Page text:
Follow our advice for a step by step guide to help children and adults alike overcome this debilitating fear!
Respect The Fear
Unfortunately we have far too many irresponsible dog owners out there who allow their dog to wander around the streets unsupervised, or other owners who take their dogs for walks in busy parks and are blind to the fact that their dog is running up to groups of strangers causing a menace.
If you are already afraid of dogs then this experience is very upsetting.
Stop telling yourself or your child “There’s nothing to be afraid of” , your body has already begun to panic, so you need to help your brain and nervous system work together.
Tell yourself or your child “The reason you are afraid is because…. it is a black dog, The dog is barking loudly, I am on my own” and so on.
Start spotting what you are afraid of and making mental notes – it will help you to remain that bit more in control of the situation, and validate your fear. Without respecting the fear, you can’t treat the fear.
It happens when dogs who are nervous of traffic are forced to walk along a busy road, and it happens when a person nervous of dogs has that dog run right up in to their face.
While you are overcoming your fear of dogs, you need to AVOID flooding. Don’t go to parks where dogs are off leash, ask friends to put their dog in another room when you visit, PROTECT yourself.
If you are exposed to flooding, you are undoing your good work and reminding your subconscious that dogs=panic, so you need to help yourself to overcome your fear.
Begin Forming Positive Associations
Children… AND adults… Can follow this step.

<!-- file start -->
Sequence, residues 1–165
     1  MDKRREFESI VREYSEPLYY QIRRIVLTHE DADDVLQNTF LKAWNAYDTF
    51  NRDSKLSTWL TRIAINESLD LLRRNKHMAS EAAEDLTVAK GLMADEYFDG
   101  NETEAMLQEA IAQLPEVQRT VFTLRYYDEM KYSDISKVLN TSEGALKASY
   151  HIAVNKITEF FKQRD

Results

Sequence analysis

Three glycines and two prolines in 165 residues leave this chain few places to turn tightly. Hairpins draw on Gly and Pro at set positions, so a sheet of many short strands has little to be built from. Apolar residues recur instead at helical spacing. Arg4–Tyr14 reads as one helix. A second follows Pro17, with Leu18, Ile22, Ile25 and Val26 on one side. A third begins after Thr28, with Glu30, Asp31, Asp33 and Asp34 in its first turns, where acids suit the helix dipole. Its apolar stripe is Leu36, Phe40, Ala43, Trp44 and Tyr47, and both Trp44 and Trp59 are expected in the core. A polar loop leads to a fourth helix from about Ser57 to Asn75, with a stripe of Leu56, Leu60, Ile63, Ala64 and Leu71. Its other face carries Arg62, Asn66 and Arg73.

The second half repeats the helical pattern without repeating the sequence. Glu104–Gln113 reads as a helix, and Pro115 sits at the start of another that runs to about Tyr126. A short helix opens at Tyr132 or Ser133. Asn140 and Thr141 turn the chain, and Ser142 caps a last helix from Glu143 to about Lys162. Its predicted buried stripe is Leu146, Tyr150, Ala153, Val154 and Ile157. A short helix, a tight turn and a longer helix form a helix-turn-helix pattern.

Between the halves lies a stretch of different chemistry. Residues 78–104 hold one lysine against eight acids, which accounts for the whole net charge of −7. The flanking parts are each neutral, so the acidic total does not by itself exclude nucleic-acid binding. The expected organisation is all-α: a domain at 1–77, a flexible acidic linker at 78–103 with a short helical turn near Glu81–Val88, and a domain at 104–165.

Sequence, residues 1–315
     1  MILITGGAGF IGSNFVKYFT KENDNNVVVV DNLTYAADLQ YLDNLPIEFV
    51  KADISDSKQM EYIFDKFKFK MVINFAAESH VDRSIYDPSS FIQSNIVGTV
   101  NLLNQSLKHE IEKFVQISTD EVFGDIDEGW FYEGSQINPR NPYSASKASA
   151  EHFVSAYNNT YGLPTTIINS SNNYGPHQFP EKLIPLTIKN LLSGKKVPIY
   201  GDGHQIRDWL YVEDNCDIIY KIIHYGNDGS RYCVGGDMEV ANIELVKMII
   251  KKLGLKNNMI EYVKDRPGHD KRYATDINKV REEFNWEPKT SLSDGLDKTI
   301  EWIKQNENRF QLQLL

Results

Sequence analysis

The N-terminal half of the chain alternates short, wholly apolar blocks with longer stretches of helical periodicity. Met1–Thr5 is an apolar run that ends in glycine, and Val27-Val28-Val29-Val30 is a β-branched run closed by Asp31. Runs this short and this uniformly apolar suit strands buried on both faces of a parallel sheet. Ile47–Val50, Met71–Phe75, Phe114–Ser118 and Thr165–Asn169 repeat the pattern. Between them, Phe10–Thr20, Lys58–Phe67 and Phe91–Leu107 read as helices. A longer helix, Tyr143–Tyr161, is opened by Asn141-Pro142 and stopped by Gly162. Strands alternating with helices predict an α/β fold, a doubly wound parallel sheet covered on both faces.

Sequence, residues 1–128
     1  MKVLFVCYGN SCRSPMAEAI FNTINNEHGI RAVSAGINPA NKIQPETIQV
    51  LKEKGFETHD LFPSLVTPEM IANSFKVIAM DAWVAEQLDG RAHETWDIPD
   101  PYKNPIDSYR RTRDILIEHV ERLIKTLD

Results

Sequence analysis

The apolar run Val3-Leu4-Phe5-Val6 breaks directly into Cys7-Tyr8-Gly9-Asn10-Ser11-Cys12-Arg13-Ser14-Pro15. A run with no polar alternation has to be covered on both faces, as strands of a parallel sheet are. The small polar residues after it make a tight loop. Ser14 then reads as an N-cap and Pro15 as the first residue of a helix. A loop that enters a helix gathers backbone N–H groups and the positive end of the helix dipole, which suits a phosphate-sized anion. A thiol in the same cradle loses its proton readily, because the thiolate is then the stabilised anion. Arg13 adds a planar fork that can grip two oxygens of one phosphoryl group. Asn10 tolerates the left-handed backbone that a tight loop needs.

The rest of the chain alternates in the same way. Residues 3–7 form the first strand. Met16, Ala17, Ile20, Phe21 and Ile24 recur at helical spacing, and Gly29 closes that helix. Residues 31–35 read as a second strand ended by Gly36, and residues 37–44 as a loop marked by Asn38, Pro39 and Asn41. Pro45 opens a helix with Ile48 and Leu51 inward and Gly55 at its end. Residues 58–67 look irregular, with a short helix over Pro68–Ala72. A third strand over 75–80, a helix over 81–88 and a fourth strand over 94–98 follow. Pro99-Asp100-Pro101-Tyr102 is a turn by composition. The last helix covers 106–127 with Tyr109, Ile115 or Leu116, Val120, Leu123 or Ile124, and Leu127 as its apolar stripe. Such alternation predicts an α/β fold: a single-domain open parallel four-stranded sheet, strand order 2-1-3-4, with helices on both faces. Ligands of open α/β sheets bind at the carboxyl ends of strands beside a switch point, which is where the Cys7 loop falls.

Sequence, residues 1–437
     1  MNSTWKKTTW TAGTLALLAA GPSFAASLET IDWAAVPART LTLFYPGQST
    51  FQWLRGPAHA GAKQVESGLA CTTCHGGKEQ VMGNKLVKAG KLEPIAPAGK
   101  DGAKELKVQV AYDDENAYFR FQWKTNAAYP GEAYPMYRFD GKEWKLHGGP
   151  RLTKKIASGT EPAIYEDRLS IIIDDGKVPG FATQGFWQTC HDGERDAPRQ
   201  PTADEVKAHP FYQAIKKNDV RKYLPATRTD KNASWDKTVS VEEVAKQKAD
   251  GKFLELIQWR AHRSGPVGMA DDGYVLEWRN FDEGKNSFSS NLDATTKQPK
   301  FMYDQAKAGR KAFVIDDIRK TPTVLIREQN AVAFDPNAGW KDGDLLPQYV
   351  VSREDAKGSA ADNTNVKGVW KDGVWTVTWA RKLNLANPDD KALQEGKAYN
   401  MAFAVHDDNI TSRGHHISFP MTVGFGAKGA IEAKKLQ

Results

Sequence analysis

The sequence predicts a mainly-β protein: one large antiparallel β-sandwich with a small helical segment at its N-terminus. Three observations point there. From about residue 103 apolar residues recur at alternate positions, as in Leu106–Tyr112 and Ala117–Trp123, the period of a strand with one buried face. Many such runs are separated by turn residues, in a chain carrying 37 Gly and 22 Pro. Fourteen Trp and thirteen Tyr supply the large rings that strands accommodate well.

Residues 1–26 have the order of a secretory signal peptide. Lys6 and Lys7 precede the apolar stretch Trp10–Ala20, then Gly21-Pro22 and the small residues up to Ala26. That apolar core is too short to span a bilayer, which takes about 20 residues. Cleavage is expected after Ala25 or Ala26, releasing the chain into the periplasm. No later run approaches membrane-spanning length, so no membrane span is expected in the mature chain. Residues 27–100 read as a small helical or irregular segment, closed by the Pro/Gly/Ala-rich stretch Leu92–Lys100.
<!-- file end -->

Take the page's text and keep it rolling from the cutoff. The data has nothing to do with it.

Start off watching cartoons based on dogs , set yourself up with your favorite treats, turn off your phones, get yourself comfortable, and begin the enjoyable experience. First up, I recommend “All Dogs Go To Heaven”
Next move on to movies that show real dogs in a non-threatening way – again, we recommend “Beverly Hills Chihuahua!”
Watch funny youtube videos under the title “Dogs Do The Funniest Things!”
Gradual Desensitisation and Counter Conditioning
Check with the fearful person, adult or child. How would they feel about working with real dogs, from a safe distance?
Set yourselves up.
You need multiple favourite mini snacks (we’re thinking chocolate buttons) multiple OK treats, and some of your favourite, relaxing music.
Set the car up where you will see dogs passing regularly , In Cork, we suggest parking at the Lee Fields.
Play the relaxing music, and play ‘Spot the Pup’. Every time the fearful person sees a dog, they inform their helper, and the helper hands over a chocolate button!
After several repetitions, if they are beginning to feel more confident, ask them would they be comfortable with getting out of the car. ONLY do this if the location where you are will NOT have dog’s off the leash running at you unexpectedly.
You want to be in a location where dogs are passing on the path on a leash, and you can stand on a grass area.
Slowly but surely get nearer and nearer to the path, rewarding each time the person decides they feel safe enough to move nearer.
Meeting The Beast
Now it’s time to try introduce your child / nervous person to a dog.
You need to ask around, and find a calm, chilled out, but friendly dog.
A little tip? Pop a cute t-shirt on the dog if they will tolerate this and it doesn’t distress them – people find dogs in clothes less intimidating!
DO NOT RUSH THIS!!
Allow the person take baby steps and progress at their own pace – rushing this process will only reinforce the fear.
If this goes well, then you can begin practicing the same exercise with other dogs.